More states required a licensing exam than don’t. There are maybe a handful left that would not require an exam (Minnesota, California, Wyoming, Kansas, Vermont).
Alicia F Crossley
Hi I recently got my license in SC but are moving to Oregon. How do I go about that. Ive looked this up to see if I have enough hours but am confused because one website says 500 hours and another says 625 so Im confused if Im on the right website. Do you happen to know what site I need to go on to get the right answers? Also can I have a license in both states or do I have to transfer my SC to OR?
When transferring, it is best to visit the state board website and look at their application and read over their FAQ and Rules. Don’t be afraid to contact their board office and ask questions after doing so. But many questions can be answered on their website first.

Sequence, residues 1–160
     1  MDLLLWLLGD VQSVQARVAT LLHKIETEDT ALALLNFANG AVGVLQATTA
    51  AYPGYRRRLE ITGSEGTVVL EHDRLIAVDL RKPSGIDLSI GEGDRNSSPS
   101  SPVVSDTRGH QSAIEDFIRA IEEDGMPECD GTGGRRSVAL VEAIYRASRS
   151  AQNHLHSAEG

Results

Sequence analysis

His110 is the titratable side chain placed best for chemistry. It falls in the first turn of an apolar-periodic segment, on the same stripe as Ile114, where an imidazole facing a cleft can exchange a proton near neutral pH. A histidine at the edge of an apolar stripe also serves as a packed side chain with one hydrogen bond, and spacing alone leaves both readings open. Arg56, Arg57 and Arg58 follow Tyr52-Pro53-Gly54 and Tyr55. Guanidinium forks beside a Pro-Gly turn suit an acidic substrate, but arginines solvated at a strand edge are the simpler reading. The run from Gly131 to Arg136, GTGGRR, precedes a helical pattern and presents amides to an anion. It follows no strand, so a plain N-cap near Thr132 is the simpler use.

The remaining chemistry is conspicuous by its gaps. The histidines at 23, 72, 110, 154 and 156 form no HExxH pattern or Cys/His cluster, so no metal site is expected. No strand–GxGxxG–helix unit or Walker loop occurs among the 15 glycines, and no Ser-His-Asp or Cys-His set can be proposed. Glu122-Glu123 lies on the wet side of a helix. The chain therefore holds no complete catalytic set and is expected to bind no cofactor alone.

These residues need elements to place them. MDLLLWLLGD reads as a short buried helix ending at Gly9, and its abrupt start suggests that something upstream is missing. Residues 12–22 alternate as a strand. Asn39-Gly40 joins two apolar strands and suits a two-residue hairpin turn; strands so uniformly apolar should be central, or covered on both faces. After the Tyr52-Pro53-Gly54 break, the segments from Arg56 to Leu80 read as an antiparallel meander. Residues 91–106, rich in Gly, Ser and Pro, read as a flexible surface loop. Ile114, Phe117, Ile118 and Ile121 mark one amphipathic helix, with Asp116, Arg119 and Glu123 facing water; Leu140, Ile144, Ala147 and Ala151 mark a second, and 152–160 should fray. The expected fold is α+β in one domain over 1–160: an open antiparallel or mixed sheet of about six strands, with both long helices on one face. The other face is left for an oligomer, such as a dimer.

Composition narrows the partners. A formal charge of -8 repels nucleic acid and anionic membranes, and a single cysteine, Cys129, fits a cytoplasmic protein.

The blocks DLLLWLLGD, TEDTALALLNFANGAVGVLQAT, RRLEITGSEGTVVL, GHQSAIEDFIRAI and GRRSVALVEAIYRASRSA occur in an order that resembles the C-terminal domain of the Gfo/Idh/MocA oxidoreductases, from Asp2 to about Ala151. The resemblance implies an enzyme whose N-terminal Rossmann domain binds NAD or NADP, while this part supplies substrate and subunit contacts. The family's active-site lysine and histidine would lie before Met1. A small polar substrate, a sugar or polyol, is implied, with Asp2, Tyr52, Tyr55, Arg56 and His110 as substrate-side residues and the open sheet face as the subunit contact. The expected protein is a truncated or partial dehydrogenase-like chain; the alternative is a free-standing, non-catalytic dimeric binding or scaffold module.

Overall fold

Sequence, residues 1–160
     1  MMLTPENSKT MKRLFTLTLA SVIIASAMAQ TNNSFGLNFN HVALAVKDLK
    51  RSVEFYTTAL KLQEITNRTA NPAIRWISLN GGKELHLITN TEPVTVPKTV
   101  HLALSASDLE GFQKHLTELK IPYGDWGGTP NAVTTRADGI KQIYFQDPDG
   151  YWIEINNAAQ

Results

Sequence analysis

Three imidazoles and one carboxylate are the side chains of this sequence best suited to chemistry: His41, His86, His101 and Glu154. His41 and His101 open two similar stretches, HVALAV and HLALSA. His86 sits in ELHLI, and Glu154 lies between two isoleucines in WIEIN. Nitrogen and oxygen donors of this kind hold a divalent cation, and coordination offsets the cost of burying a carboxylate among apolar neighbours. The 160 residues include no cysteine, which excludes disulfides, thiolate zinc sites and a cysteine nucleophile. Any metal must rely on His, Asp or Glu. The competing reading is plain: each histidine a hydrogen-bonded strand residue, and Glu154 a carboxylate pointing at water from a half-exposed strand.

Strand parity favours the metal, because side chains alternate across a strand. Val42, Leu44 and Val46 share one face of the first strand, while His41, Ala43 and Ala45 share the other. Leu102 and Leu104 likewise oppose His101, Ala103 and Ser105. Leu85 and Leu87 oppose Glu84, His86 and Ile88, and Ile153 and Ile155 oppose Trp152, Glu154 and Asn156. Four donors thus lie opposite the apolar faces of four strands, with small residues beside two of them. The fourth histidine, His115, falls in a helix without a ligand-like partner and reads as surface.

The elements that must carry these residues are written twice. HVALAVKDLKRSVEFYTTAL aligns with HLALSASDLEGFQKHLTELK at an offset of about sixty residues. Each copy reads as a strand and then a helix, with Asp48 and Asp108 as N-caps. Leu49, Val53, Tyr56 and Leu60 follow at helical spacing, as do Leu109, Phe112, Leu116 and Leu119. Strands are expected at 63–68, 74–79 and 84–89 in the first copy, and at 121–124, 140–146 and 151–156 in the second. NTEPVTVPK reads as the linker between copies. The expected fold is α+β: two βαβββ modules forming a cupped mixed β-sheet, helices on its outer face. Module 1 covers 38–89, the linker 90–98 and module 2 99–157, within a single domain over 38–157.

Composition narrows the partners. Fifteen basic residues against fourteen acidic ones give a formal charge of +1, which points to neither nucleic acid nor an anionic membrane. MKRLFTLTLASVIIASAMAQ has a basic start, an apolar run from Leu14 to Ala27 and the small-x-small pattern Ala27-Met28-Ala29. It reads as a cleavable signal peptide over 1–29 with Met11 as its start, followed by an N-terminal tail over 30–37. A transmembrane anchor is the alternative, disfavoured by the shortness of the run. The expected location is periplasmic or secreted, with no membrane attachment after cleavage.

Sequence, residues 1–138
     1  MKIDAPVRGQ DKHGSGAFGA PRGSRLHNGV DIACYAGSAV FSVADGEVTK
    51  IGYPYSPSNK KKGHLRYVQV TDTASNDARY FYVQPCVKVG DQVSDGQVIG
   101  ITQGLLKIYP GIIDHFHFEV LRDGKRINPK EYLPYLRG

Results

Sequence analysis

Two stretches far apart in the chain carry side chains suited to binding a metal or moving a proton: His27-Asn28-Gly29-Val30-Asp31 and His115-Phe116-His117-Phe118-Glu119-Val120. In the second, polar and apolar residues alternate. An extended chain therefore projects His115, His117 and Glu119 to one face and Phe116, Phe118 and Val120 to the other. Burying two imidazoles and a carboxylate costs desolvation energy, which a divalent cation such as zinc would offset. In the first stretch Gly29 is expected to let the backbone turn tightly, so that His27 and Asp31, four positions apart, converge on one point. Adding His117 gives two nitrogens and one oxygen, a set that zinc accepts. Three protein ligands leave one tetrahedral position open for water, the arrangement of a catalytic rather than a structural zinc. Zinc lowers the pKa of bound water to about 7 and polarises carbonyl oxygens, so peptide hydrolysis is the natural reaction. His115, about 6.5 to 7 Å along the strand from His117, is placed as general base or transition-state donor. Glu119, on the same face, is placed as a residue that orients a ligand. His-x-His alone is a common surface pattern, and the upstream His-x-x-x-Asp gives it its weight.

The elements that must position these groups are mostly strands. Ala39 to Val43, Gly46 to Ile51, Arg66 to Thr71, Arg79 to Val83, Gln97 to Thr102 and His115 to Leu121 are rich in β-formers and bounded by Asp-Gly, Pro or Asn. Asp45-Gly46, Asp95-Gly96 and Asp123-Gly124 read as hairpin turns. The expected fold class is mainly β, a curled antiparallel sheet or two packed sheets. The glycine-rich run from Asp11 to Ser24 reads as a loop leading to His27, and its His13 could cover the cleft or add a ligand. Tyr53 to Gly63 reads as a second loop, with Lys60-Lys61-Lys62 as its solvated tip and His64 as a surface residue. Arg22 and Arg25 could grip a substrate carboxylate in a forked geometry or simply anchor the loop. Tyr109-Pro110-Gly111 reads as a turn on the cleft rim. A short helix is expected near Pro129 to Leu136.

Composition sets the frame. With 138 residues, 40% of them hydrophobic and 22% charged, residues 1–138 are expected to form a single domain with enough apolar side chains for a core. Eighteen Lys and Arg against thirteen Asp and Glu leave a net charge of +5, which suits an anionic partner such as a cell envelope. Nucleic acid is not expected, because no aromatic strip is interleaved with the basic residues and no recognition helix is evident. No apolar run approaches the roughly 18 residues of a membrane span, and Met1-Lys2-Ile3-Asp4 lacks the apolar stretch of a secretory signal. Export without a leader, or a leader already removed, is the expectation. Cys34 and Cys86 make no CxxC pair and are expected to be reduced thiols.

And, yes, you can have two massage licenses. I have since 2010. I pay both dues, complete my CEs, and follow the rules/scope of the state I am practicing in.
Hello! I’m a massage therapist living in Los Angeles. I’ve had my license for 5 consecutive years, but I’ve never taken the mblex. I want to move to Arizona, but I really don’t want to take an exam. I exceed the amount of hours AZ requires, but will I need to taken an exam regardless of my years being a massage therapist and exceeding hours needed? Thank you!
Most states require an entry-level licensing exam to judge minimum competency for public safety. California is a rare exception.
MBLEx Prep – http://www.massageexamacademy.com
Hello! I am a soon to be massage therapist. I graduated school in Colorado and am going to be taking my test in October for my license. My boyfriend and I plan to move back to his home which is in Nevada. CO requires 500 hours of massage when Nevada requires 550 hours. Do you think it would be possible to transfer my license to Nevada w/o going back to school to get those remaining hours?